Photography tent adds a new lens to art at Symphony in the Flint Hills
A tent displaying original photographs for auction was a new addition to this year’s 10th Symphony in the Flint Hills.
A few eager attendees hovered over the bidding table as volunteer Chelsea Carlin announced eight minutes until bidding closed.
Carlin and her father, Chris, have volunteered at the event since the first Symphony in the Flint Hills.
“People come from all over the world, specifically for the art, and it is a lot more diversified,” Chris Carlin said.
Due to the past success of the art tent, the Symphony office decided to add a photo tent that functions parallel to the art tent.
Deborah Keating from Kansas City, Missouri was the lead volunteer for the art tent. She said the art tent has grown since she first started attending six years ago. This year the tents featured about 48 paintings and 25 artists.
One year, a woman came from New York City for a painting and refused to go home without it when the art tent closed because of the wind, Keating said.
Linda Winter from Wichita enjoyed the more reasonable prices in the photo tent compared to the art tent.
“I love the clarity, the intensity, the emotional connection of the pictures, the variety, the fact that they are not all Flint Hills pictures,” Winter said. “That really amazed me because I got tripped up on two that were from Africa.”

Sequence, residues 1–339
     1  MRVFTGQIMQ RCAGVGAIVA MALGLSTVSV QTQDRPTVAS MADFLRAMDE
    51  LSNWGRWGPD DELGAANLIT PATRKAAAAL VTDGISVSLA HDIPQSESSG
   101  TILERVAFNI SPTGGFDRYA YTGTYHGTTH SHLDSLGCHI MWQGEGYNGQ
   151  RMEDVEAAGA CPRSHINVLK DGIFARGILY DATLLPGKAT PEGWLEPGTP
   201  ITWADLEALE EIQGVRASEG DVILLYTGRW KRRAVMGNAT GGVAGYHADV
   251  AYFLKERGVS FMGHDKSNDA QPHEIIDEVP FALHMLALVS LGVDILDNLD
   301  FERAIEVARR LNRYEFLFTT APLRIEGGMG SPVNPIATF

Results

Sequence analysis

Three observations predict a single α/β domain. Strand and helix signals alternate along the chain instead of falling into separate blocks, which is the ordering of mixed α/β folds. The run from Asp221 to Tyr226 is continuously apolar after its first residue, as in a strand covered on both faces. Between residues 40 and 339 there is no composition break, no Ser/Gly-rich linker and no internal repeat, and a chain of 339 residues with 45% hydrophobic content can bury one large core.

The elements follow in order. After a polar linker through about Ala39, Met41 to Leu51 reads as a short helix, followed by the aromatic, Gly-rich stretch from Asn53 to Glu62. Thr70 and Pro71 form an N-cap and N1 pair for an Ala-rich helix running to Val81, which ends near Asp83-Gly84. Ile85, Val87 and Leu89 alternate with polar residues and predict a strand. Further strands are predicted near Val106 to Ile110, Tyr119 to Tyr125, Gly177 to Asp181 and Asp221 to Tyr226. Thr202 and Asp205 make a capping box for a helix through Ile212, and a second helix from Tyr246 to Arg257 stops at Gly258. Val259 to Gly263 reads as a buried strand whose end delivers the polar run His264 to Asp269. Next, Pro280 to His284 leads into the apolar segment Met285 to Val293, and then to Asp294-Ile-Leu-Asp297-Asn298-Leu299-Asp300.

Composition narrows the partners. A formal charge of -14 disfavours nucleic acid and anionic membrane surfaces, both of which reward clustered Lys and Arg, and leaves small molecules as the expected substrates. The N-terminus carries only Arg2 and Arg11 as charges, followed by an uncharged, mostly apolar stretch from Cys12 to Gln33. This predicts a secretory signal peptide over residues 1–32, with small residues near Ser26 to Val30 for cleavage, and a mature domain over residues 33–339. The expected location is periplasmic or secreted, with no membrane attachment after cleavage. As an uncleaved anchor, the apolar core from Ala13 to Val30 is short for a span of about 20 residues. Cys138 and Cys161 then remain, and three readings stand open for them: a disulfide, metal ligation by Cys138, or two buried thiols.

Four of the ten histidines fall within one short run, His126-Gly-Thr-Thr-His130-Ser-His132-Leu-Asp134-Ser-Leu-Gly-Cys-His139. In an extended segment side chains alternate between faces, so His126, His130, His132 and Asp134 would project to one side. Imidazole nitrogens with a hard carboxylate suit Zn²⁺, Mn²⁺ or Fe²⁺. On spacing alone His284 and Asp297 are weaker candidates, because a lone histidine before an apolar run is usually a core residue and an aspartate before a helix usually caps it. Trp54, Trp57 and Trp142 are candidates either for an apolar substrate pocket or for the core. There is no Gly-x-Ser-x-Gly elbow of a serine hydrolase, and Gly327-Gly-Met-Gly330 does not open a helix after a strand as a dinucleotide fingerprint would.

Following this year’s theme, Grasslands of the World, some photos featured grasslands in other parts of the world as well as the Kansas Flint Hills.
National Geographic photographer Jim Richardson chose the 42 photos shown at the event from the 60 submitted by amateurs and professionals.
Tasha Wentling, 18, stood in front of her photo, a foggy pasture and an old wooden fence in New Zealand.
Wentling, one of the youngest photographers exhibiting her work, just graduated from Maize High School and plans to attend Wichita State University in the fall to study Pre-Art and Design.
Wentling heard from her art teacher about the opportunity and was surprised when her photo doubled in price during the silent auction. “I never took any photography classes,” Wentling said. “I have an eye for the composition.”
Another featured photographer, Wayne Green, took his selected photos for auction with an iPhone.
When artists sell their work, 50 percent of the profit goes back to support Symphony in the Flint Hills.
— by Chandler Williams